Night falls and Team Brooklyn heads to Huckleberry Bar in Williamsburg (random!) for girl’s night. Angela discloses that things didn't work out with David, last week’s steaming hunk of Australian photographer. (Perhaps she intimated him with her frank sexuality and proclivity for “high concept” fashion.) A group of randos siddle up to their table. Here “Gallery Girl”’s heterosexual male fan base will learn a valuable lesson: Do not try to seduce a gallery girl by sticking your finger in her ramekin of gourmet mac and cheese. The tooliest of the guys asks Laura (the other business partner at End of Century, you will recall — i.e. not technically a Gallery Girl) to move over so he can sit next to Angela. "It's Asian month," he says, proving that he is a racist, predatory, hors d'oeuvres molester. Trifecta! Angela replies, "I feel like we're being raped right now." The guy sticks his finger in Chantal’s mac again and runs away, spurting cheesy sauce all over Angela's hot pink cigarette pants. Angela fires back, in what is the episode's best bon mot: "Like, don't get béchamel sauce all over my clothes."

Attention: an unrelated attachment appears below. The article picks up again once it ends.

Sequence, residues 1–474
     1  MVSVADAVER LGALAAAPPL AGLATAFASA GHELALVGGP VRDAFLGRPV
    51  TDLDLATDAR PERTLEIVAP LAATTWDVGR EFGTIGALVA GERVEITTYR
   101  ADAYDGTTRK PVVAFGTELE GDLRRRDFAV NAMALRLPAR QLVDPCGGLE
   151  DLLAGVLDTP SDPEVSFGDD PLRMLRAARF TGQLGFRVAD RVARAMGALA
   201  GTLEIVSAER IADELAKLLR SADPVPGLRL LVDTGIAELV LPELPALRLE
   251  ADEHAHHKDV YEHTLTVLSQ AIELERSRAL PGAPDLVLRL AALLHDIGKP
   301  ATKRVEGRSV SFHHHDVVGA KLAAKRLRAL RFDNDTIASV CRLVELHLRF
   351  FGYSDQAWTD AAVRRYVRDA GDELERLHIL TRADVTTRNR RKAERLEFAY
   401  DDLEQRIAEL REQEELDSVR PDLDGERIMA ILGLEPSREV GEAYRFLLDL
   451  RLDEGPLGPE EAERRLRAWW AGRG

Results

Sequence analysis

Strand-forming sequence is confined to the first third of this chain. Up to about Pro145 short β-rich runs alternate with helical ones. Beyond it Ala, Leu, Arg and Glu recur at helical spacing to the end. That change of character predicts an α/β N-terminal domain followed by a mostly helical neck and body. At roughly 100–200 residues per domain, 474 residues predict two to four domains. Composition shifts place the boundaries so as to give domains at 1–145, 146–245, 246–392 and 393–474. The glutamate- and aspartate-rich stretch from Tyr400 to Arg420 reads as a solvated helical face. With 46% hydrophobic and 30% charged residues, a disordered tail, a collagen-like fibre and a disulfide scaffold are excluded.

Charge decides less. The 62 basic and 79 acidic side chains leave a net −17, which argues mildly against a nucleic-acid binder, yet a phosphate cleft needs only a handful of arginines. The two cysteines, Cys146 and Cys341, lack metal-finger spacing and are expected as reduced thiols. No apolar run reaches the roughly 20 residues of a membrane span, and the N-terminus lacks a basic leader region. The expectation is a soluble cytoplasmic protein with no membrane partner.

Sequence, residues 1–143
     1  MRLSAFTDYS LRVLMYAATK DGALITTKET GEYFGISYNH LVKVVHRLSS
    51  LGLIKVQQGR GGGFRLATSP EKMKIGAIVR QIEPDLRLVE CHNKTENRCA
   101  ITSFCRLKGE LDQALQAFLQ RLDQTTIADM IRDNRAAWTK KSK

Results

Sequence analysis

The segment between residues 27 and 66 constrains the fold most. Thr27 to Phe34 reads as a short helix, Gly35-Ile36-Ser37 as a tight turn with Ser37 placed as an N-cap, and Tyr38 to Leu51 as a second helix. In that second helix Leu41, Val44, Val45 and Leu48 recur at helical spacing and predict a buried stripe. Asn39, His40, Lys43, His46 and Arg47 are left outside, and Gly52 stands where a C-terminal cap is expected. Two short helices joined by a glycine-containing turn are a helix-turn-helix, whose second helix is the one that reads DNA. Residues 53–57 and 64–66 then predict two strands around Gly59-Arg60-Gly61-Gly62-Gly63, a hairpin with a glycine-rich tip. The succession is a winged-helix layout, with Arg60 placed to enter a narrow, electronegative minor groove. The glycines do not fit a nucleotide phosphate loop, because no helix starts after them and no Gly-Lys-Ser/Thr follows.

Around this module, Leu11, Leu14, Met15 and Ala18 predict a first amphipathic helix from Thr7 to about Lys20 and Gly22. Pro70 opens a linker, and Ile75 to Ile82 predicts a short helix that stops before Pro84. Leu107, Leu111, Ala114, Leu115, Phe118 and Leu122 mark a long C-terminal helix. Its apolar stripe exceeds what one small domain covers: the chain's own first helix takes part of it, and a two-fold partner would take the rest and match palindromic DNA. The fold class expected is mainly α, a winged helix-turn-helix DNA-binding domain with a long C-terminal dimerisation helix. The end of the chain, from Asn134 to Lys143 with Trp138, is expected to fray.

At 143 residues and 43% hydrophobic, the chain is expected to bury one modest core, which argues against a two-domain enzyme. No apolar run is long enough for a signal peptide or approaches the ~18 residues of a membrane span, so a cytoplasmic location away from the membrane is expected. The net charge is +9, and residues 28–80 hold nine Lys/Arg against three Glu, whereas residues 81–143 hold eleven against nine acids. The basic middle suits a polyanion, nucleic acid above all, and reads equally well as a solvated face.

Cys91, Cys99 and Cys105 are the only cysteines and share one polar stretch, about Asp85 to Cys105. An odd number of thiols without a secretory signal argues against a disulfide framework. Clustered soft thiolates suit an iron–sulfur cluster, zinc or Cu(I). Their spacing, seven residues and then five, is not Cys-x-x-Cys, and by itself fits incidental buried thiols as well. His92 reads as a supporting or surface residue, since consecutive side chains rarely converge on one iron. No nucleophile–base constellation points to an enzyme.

The Gallery Girls Go to an Auction
Following the commercial break, there's a montage of the girls in their bras. This trope symbolizes that a new day has dawned, while also showing young attractive girls in their bras. The gang converges at Philips de Pury, everyone's favorite first-tier second-tier auction house, and a Bravo favorite (auctioneer Simon de Pury is also the host of "Work of Art," of course). Kerri and Amy are shadowing their art advisor boss, while Chantal and Claudia are going with the naïve hope of coaxing some blue chip art collectors to come to their clothing annex on the Lower East Side where Claudia is trying to sell paintings by no-name artists. Their appearance prompts more Brooklyn-bashing from Maggie: "I'm amazed they've made it out of their caves in Brooklyn to come to the auction. The live in like, warehouses down there. Literally."